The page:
In the army, these experts have the nickname Felix - because they need every one of the nine lives. We all make mistakes at work and in this role mistakes will kill or maim you. 

In return for taking up such a dangerous role, you'll be paid £32,000 a year, which is made to look even more paltry by the fact that many of these experts end up drawing a disability pension before very long.

The risks of working with highly volatile and explosive materials in impossibly difficult natural environments is bad enough. Add in the risks of working in politically charged environments where you may well be a target for terrorists, and you can see why this is a dangerous job. In fact it has a fatality rate of around 32 per 100,000, and around 100 people a year die in the industry- around twice the average for all UK workers.

This risk, however, is reasonably rewarded - partly because of the fact it can be hard to attract workers to the places where oil and gas needs to be extracted. It's not uncommon for those with experience to be making £75,000 a year.

Put people up high, give them something heavy and awkward to carry, then get them to do it in the rain. It's not surprising this is a dangerous job. What is perhaps surprising is that over the past five years 30% of all work-related deaths in the UK have been in this industry. The riskiest construction jobs are those where heights are part of the every-day business of work - with scaffolders, steeplejacks ad roofers facing the most danger at work.

The pay starts around £20,000 for skilled workers, rising to around £50,000 for site managers.

Around 54,000 road accidents involving professional drivers take place on British roads every year - which is around 250 a day. Meanwhile, one in four of all road deaths involve a driver who is at work at the time. Despite stringent rules about how long they are allowed to drive for, and in-cab telematics to make sure they don't bend the rules, tiredness is the main cause. 

In return for the danger, plus the long hours and the anti-social lifestyle, these workers can expect to earn around £25,000 a year.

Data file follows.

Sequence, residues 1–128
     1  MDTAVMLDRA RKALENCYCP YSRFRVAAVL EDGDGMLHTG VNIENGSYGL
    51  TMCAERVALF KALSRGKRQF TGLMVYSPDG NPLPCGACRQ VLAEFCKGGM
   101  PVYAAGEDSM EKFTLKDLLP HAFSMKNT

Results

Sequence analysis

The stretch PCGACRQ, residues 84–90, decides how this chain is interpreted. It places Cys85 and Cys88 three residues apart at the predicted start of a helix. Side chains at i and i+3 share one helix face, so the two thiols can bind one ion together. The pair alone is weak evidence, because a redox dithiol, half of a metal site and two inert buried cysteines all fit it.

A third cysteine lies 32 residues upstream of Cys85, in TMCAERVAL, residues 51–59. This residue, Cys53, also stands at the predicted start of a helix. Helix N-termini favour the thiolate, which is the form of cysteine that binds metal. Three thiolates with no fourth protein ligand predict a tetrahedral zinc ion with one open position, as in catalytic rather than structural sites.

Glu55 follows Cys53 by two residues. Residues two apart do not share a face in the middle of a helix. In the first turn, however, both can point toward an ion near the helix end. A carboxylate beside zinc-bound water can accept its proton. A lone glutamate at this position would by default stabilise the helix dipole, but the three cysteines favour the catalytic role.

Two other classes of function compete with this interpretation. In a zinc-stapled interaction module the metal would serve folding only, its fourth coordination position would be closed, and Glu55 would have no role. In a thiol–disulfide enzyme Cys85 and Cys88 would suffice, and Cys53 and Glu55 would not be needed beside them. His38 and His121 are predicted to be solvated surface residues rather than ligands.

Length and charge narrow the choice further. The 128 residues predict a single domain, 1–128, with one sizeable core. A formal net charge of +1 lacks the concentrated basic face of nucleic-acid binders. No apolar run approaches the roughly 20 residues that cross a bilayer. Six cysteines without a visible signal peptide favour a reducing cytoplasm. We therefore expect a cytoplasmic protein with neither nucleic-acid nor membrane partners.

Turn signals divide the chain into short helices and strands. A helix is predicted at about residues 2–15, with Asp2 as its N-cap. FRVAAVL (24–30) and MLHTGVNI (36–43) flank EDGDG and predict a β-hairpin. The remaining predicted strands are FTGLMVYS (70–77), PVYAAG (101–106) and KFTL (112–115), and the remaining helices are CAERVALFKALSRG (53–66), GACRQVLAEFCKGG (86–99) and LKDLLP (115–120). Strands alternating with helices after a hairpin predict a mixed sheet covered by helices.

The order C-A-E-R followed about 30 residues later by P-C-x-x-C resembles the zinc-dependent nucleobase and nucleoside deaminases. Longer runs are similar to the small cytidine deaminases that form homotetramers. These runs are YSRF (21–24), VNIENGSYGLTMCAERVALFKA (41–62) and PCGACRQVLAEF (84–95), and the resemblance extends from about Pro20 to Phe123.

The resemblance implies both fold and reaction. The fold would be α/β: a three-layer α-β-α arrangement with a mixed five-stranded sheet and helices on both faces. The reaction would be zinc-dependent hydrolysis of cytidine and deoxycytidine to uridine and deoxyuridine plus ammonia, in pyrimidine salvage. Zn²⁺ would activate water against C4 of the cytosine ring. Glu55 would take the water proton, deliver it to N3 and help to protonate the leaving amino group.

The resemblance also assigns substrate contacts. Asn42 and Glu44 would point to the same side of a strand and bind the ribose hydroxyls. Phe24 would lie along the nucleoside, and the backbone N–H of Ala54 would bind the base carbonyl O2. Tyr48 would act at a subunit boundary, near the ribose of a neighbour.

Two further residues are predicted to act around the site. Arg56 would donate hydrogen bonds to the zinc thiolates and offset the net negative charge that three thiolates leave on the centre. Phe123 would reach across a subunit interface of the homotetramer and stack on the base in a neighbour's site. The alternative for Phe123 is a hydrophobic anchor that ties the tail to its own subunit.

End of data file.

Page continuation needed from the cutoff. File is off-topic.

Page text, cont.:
The risks are perhaps unsurprising, given that drowning accounts for the majority of fatalities. However there are also problems from high gas consumption and mental health problems, often due to having to spend inordinate times decompressing in a confined space with another individual.

However, given the risks, the inhospitable locations and the skills required, the role can earn you £100,000 a year or more.

These are often ex-military personnel employed to protect wealthy or powerful individuals. The role is unsurprisingly highly dangerous, with the constant threat of terrorist attacks, enemy fire or booby traps.

There really is danger money associated with this job, which is another role than can earn the right individual 6 figures a year.

Around 15 police officers lose their lives at work every year. However, surprisingly, the biggest risk is from involvement in a road accident, which causes 70% of the deaths. Around half of these are officers getting to and from work. Meanwhile no more than one or two are killed by criminals in an average year. Fatalities, however, are only a small proportion of the massive number of injuries a policeman can pick up - with roughly one police officer injured every hour.

In return they can expect to earn around £40,000, rising to £55,000 for senior officers.

Again there aren't a huge number of deaths in the line of duty. However, every fire is potentially fatal, and every job carries the risk of injury. Injures are very common, although burns account for only 5% of them, the rest tend to be due to things like training and carrying equipment.

The pay has been subject to a number of arguments and even strikes but is currently around £30,000.

Perhaps it's surprising that this doesn't come higher up the list. Since 2001 over 350 have lost their lives fighting in Iraq and Afghanistan. The front line is clearly just about the most dangerous environment possible, and has to be up there with the place that most people would least like to work.

In return for putting their lives on the line in the service of their county, army personnel can expect to be paid £14,000 when they start out - rising to up to £100,000 for the most senior officers.